document indicated that this figure was based on the assumption that the ALP would reverse all the spending cuts undertaken by the Howard government over the past 30 months. In some classic examples of Public Service-speak, the documents continually points out that the assumptions it is based on were made at the request of the Minister's office. Costello's press conference degenerated into a slanging match with journalists.
The election campaign finally started to come alive yesterday as the Prime Minister was met with more demonstrations and Industrial Relations Minister, Peter Reith, doggedly crossed swords with wharfies. John Howard was at Melbourne University, protected by a large contingent of police. Reith was speaking to a group of old-age pensioners in his Flinders electorate when the members of the Maritime Union of Australia turned up. Can it be that suppressed emotion is now starting to come to the fore?
The Flinders electorate held by Peter Reith has an interesting political history. It was the seat held by Nationalist Prime Minister, Stanley Melbourne Bruce, in the 1920s. Bruce was responsible for some controversial reforms to the Arbitration system that led to his government being defeated on the floor of the House of Representatives in 1929. At the ensuing election the ALP, led by James Scullin, took office. Bruce not only lost the election, but lost his seat as well, the only Prime Minister ever to suffer such a humiliating rebuff from the voters.
In 1982, following the retirement of Phillip Lynch, a by-election was held in Flinders. It was won by Peter Reith. The surprise retention of the seat by the Liberal Party led in part to renewed attempts in the ALP to replace Bill Hayden as leader with Bob Hawke. The Liberal Prime Minister, Malcolm Fraser, in a major mis-reading of the electoral mood, decided to call an early election. On the day the election was announced, the ALP replaced Hayden with Hawke, and the rest is history. Fraser's government suffered a severe defeat and Peter Reith was defeated in Flinders. He eventually won the seat in 1984 and has held it ever since. The electorate has been strengthened for the Liberals through redistribution, but it may just be one seat to watch on October 3rd.
Still no progress: The National Party's web-site remains "under construction". Must be those unreliable unionists again....
The Fairfax election website, Ballot98, was not updated until late yesterday. Opened on Monday, the site showed much promise. This webmaster is available, but only for a huge fee!
Way back in 1981, the then member for Warrnambool in the Victorian Legislative Assembly, Ian Smith, said that the Liberal Party was "numb with fright" at the prospect of fighting the next election under the leadership of Rupert Hamer. Shortly afterwards, Hamer was gone and the leadership passed to Lindsay Thompson, who went on to be defeated by John Cain's ALP in 1982. Now, 17 years later, the National Party of Australia is numb with fright at the prospect of what is about to happen to them in a swag of seats across Queensland, New South Wales and Victoria. Yesterday, several sitting members indicated they would direct preferences to One Nation on October 3. Foremost among these were De-Anne Kelly (Dawson), Paul Marek (Capricornia), Bob Katter (Kennedy) and the candidate for Hunter, Rob Macauley.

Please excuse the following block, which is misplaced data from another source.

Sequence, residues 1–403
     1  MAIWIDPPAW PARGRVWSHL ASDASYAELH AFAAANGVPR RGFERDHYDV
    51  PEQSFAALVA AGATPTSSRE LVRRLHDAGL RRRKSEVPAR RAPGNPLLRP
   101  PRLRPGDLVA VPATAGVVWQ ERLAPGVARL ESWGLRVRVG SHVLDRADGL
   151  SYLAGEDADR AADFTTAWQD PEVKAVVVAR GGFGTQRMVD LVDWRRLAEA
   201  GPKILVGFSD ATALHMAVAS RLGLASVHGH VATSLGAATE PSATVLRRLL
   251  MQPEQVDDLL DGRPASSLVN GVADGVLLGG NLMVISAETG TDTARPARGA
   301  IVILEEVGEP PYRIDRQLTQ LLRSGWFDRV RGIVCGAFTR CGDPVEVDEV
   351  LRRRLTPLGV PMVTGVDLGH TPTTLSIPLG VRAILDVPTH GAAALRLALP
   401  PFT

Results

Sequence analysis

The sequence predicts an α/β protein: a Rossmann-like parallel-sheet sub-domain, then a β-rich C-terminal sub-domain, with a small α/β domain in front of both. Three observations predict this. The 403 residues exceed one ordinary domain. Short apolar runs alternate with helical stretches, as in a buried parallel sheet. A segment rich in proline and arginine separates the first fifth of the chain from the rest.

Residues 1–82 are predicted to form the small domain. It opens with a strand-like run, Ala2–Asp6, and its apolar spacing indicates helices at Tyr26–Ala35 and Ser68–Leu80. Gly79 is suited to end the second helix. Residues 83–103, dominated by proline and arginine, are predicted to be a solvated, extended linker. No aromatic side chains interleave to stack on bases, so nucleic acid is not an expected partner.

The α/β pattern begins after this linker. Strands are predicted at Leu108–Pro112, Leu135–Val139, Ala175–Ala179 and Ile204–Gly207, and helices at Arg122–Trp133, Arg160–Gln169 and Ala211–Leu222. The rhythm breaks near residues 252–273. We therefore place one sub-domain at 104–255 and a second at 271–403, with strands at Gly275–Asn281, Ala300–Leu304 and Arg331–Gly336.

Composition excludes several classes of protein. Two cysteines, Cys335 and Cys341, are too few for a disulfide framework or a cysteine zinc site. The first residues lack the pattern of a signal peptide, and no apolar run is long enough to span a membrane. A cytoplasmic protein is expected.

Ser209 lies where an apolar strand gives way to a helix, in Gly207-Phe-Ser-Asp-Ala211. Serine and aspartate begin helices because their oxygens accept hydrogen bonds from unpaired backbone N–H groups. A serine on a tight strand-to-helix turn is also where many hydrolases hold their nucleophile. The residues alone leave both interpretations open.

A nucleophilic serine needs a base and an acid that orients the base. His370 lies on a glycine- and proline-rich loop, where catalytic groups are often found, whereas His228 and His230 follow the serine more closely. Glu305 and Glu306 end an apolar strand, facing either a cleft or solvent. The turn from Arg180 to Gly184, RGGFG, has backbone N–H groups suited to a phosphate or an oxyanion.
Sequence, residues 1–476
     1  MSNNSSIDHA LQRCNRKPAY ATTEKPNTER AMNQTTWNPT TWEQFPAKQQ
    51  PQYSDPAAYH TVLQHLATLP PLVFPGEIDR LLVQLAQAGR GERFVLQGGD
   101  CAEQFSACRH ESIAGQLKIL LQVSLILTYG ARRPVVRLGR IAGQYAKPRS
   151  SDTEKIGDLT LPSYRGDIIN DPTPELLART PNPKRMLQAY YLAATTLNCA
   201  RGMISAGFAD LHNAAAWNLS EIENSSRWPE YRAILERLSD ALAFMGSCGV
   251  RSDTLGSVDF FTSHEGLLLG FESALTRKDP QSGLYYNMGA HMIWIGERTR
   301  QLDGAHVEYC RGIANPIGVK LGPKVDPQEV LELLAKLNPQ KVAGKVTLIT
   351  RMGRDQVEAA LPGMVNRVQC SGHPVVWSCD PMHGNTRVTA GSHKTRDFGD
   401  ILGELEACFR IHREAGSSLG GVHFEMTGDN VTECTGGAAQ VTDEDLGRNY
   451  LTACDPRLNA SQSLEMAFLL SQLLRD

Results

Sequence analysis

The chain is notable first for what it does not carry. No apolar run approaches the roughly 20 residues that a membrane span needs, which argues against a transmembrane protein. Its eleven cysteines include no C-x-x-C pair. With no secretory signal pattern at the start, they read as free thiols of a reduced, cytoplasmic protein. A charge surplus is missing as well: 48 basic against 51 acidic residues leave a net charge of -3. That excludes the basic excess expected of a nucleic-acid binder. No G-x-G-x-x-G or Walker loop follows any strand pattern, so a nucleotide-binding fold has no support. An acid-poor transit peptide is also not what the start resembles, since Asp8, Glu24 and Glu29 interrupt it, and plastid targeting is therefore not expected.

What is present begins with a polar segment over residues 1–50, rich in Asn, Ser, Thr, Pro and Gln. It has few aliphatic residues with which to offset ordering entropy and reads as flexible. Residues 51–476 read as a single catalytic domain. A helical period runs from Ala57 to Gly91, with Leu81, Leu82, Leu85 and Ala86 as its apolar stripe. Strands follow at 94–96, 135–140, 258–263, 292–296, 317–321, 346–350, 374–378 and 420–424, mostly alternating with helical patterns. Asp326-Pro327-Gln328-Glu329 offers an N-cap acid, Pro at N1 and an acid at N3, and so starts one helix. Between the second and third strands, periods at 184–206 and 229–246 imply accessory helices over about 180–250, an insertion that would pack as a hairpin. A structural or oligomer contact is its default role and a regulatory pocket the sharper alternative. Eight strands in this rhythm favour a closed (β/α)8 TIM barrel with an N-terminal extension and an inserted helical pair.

National Party Deals With One Nation
The preference decision by these candidates is the clearest indication we have of the likely influence of Pauline Hanson on House of Representatives seats. In the Queensland election of June 13th, One Nation snatched 11 seats, 6 of them from the ALP and 5 from the National Party. Had the National Party not directed preferences to One Nation, the Hansonites would only have won 3 seats, but the ALP would have secured a comfortable majority. As it turned out, the ALP took 6 seats off the Liberal Party, mainly in Brisbane, which balanced their losses to One Nation. It is widely believed that the cause of this was the disgust felt by Liberal voters in the cities with the decision to direct preferences to One Nation. Could this distaste manifest itself again in this election?
Former Nationals leader, Ian Sinclair, yesterday called for One Nation to be put last in all electorates. Prime Minister Howard said he didn't run the National Party and told journalists to ask Tim Fischer. Fischer said that preferences were a seat-by-seat matter and attacked the "media elites" for wanting a "regimented" approach to the issue. Since Fischer is under threat from One Nation candidate, Don McKinnon, in his own seat of Farrer, the bind he is in is obvious. Does he preference One Nation and risk the odium that will attach to that decision, or does he put McKinnon last and run the risk of losing the seat? Fischer and his deputy, John Anderson, have both said they will put One Nation last, and it is difficult to see what else they can do, given their senior positions in the coalition. The problem for Howard is what damage will be done to the Liberal Party's prospects in the cities because of the actions of their country cousins?